A revised Homer Spit rezoning ordinance almost died on a 3-3 tie vote at Monday’s Homer City Council meeting after the council got hung up on the issue of allowing heliports as a conditional use. An amendment also died in a 3-3 tie vote to eliminate heliports from the rezoning ordinance.
With the ordinance in limbo, and with Mayor Beth Wythe absent and not able to break the tie, the council on reconsideration passed in a 5-1 vote the ordinance with the heliport conditional use provision included.
Council member James Dolma was the only no vote.
The controversy came about after council member Beau Burgess at the April 22 meeting introduced and had passed an amendment putting heliports back in as a conditional use. The version recommended by the Homer Advisory Planning Commission, Ordinance 13-11, had crossed out heliports as a conditional use — not allowing them at all — in a broad rezoning of the Marine Commercial area around the Homer harbor.
“I apologize for creating the controversy,” said helicopter pilot Eric Lee, who wants to start a helicopter flightseeing operation on the Spit. “I didn’t think there would be one.”
The rezoning also would permit shops and businesses with rooms to legally rent for the night or month those rooms as an accessory use. A second ordinance also redrew zoning maps on the Spit. The ordinances were in response to the Homer Spit Comprehensive Plan, which had recommended many of the changes.
Burgess made his amendment after Lee spoke at the April 22 meeting and said that his idea of a helicopter flightseeing business on the Spit would not be allowed under the proposed rezoning.
In an interview, Lee, a fixed wing and helicopter pilot for Bald Mountain Air, said he wants to start a business, Slingblade Aviation, that would give 30- to 60-minute helicopter tours of Kachemak Bay and the area. He would fill a tourism niche different from float plane tours and bear viewing tours. Maritime Helicopters and Pathfinder Helicopters do commercial and other flights out of the Homer Airport.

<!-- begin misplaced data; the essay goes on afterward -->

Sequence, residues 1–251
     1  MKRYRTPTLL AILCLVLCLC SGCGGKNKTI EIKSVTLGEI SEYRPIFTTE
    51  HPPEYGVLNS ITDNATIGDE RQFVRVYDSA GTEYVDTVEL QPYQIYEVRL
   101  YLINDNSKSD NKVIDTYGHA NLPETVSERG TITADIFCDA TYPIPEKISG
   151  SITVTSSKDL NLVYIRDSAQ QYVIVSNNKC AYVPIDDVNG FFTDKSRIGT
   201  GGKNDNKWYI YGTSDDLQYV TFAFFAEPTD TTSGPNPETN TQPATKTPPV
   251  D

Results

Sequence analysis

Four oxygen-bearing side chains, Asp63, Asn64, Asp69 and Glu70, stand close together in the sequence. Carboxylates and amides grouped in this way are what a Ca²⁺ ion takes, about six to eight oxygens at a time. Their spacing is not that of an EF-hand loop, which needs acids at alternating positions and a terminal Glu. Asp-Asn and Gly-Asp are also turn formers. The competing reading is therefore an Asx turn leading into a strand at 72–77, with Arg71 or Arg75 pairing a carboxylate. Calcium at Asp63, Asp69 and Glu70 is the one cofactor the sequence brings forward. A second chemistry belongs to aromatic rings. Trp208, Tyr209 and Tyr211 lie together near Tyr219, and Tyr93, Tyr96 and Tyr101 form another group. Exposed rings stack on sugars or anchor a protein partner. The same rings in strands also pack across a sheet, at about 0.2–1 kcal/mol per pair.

“I thought that would be something nice for the community as well,” Lee said. “Something that would support what’s happening on the Spit, which is commercial tourism.”
He would fly a small helicopter like the Robinson R-44, a three-passenger aircraft that weighs 2,500 pounds fully loaded with fuel. It could land off a trailer or a wooden pad. Lee has looked at leasing private lots on the Spit within walking distance of the core area by the harbor, but in the area of the Heritage RV Park near the Nick Dudiak Fishing Lagoon.
“I was looking at spots that would keep me out of everybody’s way,” Lee said.
Federal Aviation Administration rules allow commercial helicopter activity near congested areas as long as the pilot flies prudently and safely. A helicopter could hover and rise straight up to a height that wouldn’t disturb people on the ground before moving forward, Lee said.
Lee said he had gone to the city to talk about filing a conditional use permit.
“That was the day I learned they were going to take off the heliport stuff,” he said of the initial rezoning ordinance.
In a public hearing, most people spoke about the heliport issue, with opinions mostly against the idea.
George Matz, an active birder who coordinates the annual shorebird monitoring program, raised concerns about the hazard to helicopters from seagulls, eagles and other birds on the Spit.